The Victor of Mauritius in Old Age

Although this painting might be taken as being that of an elderly Admiral Jack Aubrey in his red sash of the Order of the Bath, it is actually a portrait of Josias Rowley, the Royal Navy officer whose activities during the Mauritius Campaign formed the basis for those of Jack Aubrey in Patrick O'Brian's novel on that subject.


HMS Suffolk

"Suffolk might not have been called a very taut ship, nor more than ordinarily crack, but she could never have been likened to the Margate hoy ... "

1817:  In 21: The Final, Unfinished Voyage of Jack Aubrey, the unfinished fragment of Patrick O'Brian's intended twenty-first novel in the Aubrey-Maturin series,  Jack Aubrey has the 74-gun Suffolk as his flagship in his new capacity as a Rear Admiral of the Blue, and we have the pleasure of seeing him actually raise his flag.  Ordinarily, of course, as an admiral Aubrey would not directly command his own flagship, but in the present case he was sailing without a flag captain and also with a badly under-strength crew, although he had somewhat alleviated this situation by transferring men from his beloved Surprise. Patrick O'Brian's revised typescript breaks off as Jack aboard the Suffolk is about to sail with his squadron for St. Helena (where the former-Emperor Buonaparte is a prisoner) and thence to the Cape.  [In the handwritten extension to the manuscript, the Suffolk actually reaches the African shore.]

The Suffolk was launched in 1765 and served the Royal Navy until she was broken up in 1803. As in several other cases, O'Brian altered the history of a genuine vessel for fictional purposes. (The 74-gun Sultan, launched in 1775, was renamed Suffolk in 1805; however, all of her service subsequent to 1797 was as a prison ship.)  The plans presented below are those of the Berwick, another ship-of-line of very similar dimensions to the 1765 Suffolk and launched in 1775.

The data below are for HMS Suffolk (Winfield 45):

Launched Length Keel Breadth Hold Tonnage Crew
1765 168' 1 1/2" 138'  9" 46' 9 5/8" 20' 2 1/2" 1616 57/94 550

Armament:  Gun Deck twenty-eight 32-pound long guns, Upper Deck twenty-eight 18-pound long guns, Quarterdeck fourteen 9-pound long guns, Forecastle four 9-pound long guns. (This was the Suffolk's armament when originally commissioned; in later years some of the quarterdeck and forecastle long guns were replaced with carronades.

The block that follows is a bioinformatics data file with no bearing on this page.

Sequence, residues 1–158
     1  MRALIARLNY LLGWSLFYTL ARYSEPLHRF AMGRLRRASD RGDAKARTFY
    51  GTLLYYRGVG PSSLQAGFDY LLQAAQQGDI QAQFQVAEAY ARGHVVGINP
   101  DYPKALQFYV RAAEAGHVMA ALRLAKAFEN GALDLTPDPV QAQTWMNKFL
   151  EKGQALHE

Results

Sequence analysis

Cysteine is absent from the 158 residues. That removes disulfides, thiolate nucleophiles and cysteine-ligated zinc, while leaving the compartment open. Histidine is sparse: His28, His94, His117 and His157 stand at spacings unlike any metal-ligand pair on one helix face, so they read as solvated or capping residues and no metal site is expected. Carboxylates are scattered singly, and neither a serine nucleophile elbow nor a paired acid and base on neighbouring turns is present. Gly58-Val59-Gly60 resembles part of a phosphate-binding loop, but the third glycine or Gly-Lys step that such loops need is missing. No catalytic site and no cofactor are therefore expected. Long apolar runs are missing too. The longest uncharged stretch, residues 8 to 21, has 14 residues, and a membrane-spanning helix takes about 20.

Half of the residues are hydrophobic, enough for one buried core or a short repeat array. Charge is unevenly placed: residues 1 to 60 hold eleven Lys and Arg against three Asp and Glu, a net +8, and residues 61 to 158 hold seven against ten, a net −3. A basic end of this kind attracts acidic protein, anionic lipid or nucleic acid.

WAmphion.jpg (80288 bytes)Plans for HMS Berwick (Lyon 70)


Ringle [Tender]

"... the Ringle, an American schooner of the kind called a Baltimore clipper, Jack's private property, much coveted by the Admiral for her fast sailing and her outstanding weatherly qualities."

1813 and onwards [as tender]:  The Ringle, although originally unnamed, is first encountered in the closing pages of The Wine-Dark Sea, serving as the privately-owned tender to Heneage Dundas's HMS Berenice;  the Ringle, a "Baltimore clipper" employed as an American privateer, had been found abandoned at sea.  Prior to the opening of The Commodore the Ringle had been won by Jack Aubrey in a game of cards; Aubrey thereafter used her as his tender, frequently commanded by Midshipman William Reade.  

Serving as a possible model for the Ringle's lines is HMS Musquidobit, formerly the American privateer LynxThe Musquidobit (Lynx) was launched in 1812, was captured by the Royal Navy early in 1813, and served the Royal Navy until she was sold in 1820. The size of the Ringle as envisioned by Patrick O'Brian is not certain, although she was large enough for transoceanic voyages not to be considered either extraordinary or unduly dangerous.

The data below are for HMS Musquidobit (Lyon 283):

Launched Length Keel Breadth Hold Tonnage Crew
1812 94' 7" 73' 1" 24' 10' 3" 224 50

Armament:  2 6-pound long guns and 8 12-pound carronades.

 WRingle.jpg (53800 bytes) Plans for HMS Musquidobit (Lavery [JAC]  58)

For a pictorial comparison of Jack Aubrey's ships, continue to the next page.